It was 1977 when David Packard, half of the founding team behind the Hewlett-Packard Company, invited his children to take on a challenge: Come up with a big project that would make a difference in the world.
One of his daughters, Nancy Burnett, along with her husband Robin Burnett, and Chuck Baxter and Steve Webster – all of them marine biologists who had studied at Hopkins Marine Station, where Baxter was on faculty at the time – hatched the idea of an aquarium featuring Monterey Bay plant and animal life. Another daughter, Julie Packard, drew some early sketches for the concept. Packard and his wife, Lucile, invested $55 million to make the Monterey Bay Aquarium a reality, with initial studies projecting 350,000 visitors a year. Year one drew nearly 2.4 million people.
On opening day, Oct. 20, 1984, Julie Packard was promoted from project director to executive director, a role she’s held ever since. Thirty-five years in, she wrote and illustrated a short book about her career at the helm. Among the major achievements is education: Within six months of opening, the Aquarium board decided to waive fees for visiting schoolchildren and their chaperones. Thirty-five years later, the Aquarium has hosted some 2.5 million kids on field trips, and earlier this year, opened the Bechtel Education Center just down Cannery Row, serving teachers and students in science education.
“It’s imperative our young people develop critical thinking skills, and understand how to read a graph in the newspaper, and how to engage – and realize the stakes at hand if we don’t engage,” Packard says.
Packard serves on the board of the David and Lucile Packard Foundation, a family foundation created in 1971 by her parents to support issues including children’s health, land conservation, science and reproductive rights. The foundation (a partner in Monterey County Gives!) also does local grantmaking in San Mateo, Santa Cruz, San Benito, Santa Clara and Monterey counties, as well as Pueblo, Colorado, where David Packard was born and raised.
On Nov. 2, Packard received the 2019 James C. Morgan Global Humanitarian Award from the Tech Interactive, celebrating leaders in solving global problems. Past recipients include Bill Gates, Al Gore, Paul Hawken and Queen Rania Al Abdullah of Jordan.
As Monterey County Gives! kicks off, Packard spoke to the Weekly from her position on both sides of philanthropy – the executive director of a nonprofit that fundraises about $25 million a year to run programs and build exhibits – and a board member of a family foundation that gave nearly $334 million in grants last year.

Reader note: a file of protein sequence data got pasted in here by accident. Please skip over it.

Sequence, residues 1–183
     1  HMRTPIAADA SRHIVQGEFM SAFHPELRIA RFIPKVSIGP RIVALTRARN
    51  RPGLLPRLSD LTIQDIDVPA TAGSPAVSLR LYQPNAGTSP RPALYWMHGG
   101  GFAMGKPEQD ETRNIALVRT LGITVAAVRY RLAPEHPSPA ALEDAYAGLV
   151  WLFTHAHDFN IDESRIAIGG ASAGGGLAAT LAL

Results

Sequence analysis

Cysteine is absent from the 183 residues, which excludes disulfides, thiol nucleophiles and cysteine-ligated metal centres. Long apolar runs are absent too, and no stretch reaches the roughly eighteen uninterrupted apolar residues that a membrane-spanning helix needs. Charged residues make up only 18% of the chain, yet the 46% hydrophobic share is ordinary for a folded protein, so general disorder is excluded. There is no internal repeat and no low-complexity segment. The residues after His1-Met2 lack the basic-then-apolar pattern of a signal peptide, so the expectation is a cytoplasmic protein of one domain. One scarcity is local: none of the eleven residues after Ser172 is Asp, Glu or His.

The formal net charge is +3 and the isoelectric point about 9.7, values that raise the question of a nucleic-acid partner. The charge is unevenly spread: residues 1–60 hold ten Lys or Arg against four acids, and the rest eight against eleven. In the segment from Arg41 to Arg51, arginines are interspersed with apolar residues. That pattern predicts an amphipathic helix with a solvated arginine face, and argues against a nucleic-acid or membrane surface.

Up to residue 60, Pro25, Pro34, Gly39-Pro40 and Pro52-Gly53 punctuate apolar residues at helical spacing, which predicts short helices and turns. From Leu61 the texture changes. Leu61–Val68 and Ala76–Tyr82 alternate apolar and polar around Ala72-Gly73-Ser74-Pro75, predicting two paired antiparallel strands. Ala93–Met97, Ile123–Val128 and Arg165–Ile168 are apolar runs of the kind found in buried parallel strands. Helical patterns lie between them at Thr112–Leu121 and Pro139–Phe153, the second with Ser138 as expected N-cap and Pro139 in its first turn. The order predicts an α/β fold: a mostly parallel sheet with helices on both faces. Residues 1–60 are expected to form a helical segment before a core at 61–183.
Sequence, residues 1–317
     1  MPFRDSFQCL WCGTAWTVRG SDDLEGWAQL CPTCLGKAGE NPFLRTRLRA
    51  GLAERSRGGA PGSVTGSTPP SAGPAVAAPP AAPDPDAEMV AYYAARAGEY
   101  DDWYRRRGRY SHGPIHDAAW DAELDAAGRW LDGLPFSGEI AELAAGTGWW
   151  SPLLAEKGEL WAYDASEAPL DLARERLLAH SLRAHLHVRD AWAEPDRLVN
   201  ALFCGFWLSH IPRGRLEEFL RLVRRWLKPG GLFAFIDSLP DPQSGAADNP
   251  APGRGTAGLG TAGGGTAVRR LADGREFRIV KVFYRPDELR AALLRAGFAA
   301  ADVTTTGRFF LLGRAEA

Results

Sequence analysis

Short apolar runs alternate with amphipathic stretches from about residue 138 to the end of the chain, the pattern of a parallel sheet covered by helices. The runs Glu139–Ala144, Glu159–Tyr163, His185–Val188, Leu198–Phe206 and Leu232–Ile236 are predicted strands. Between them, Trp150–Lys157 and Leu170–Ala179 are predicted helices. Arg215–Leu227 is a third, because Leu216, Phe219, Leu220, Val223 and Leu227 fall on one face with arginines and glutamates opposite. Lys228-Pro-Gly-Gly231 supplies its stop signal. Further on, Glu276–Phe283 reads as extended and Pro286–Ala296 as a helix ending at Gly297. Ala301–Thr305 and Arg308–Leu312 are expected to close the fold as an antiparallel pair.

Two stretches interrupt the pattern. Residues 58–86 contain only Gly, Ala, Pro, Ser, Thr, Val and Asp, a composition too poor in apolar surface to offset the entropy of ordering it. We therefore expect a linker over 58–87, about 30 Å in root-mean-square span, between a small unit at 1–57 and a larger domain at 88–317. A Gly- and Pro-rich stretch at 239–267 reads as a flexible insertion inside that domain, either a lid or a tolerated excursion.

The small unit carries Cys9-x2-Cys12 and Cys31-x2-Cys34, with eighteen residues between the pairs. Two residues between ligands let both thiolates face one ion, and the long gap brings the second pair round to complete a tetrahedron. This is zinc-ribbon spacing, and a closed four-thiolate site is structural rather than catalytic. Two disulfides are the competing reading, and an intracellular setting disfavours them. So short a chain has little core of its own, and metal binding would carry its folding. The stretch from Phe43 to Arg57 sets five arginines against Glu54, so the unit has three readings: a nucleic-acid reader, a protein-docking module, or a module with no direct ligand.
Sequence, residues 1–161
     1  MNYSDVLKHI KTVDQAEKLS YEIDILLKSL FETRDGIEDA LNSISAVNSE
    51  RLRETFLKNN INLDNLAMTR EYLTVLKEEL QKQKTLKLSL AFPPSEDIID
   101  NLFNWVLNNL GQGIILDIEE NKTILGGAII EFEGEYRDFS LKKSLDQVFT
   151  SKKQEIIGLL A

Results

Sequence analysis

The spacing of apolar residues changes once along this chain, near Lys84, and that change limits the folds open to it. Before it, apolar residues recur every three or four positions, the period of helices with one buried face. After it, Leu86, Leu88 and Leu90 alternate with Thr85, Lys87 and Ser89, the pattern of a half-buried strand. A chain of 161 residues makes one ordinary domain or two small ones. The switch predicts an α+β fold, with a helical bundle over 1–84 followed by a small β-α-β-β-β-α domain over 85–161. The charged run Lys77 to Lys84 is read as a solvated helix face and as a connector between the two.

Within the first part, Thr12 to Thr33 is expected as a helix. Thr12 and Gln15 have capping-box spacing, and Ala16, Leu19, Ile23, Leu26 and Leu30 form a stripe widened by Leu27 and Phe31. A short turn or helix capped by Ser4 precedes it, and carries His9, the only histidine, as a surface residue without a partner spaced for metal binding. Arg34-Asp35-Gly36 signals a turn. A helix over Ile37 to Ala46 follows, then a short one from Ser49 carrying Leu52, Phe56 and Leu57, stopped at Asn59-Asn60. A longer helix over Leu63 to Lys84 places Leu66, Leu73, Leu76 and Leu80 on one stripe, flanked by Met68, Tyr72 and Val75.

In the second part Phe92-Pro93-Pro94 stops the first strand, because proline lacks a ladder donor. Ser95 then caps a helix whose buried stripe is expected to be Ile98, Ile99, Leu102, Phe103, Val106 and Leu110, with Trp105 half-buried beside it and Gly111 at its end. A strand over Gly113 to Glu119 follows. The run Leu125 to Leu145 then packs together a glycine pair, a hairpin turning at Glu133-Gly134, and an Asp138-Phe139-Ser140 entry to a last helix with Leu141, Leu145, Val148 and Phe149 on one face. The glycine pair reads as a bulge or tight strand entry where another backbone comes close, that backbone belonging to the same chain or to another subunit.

Weekly: You’re the first and only executive director of the Aquarium. What did you think you’d be doing now, 35 years later, and does your job resemble that?
Packard: Definitely not. Am I pleased and grateful that I’ve had this opportunity? Absolutely. It’s been amazing.
I’ve always taken my career in an incremental fashion. My philosophy in life is, as long as you’re learning something every day and you’re working with great people and you’re motivated and you’re motivating them, it’s all good. The Aquarium just keeps growing and changing and there’s never a shortage of interesting things to be involved with. Being involved with the Monterey Bay Aquarium was an incredible opportunity and such a privilege.
The Aquarium started out with a mission statement of: “The purpose of the Monterey Bay Aquarium is to stimulate interest, increase knowledge and promote stewardship of Monterey Bay and the world’s ocean environment through innovative exhibits, public education and scientific research.” In 1996, you changed it to, “The mission of the Monterey Bay Aquarium is to inspire conservation of the ocean.” Why?
Stepping up our focus on conservation included changing our mission statement. That was a big move, to redefine the public aquarium as a force for conservation impact.
It was in response to the growing human impact on the ocean, and the fact that there was an idea that the ocean is so vast that as a terrestrial species, we couldn’t affect it.
Has the Aquarium made a difference and how can you tell?
One of the impacts we’ve had is with Seafood Watch, plastic awareness, awareness about the ocean’s role in climate change, and that it plays such a big role in modulating climate change.
Perhaps the biggest impact we’ve had – which most of our local visitors might not see – is inspiring a lot of other institutions to take up the challenge of having conservation as their core mission. We’ve inspired a lot of other new aquariums to be built around the country. And virtually all the major public aquariums today have conservation in their mission.
That’s really exciting to me.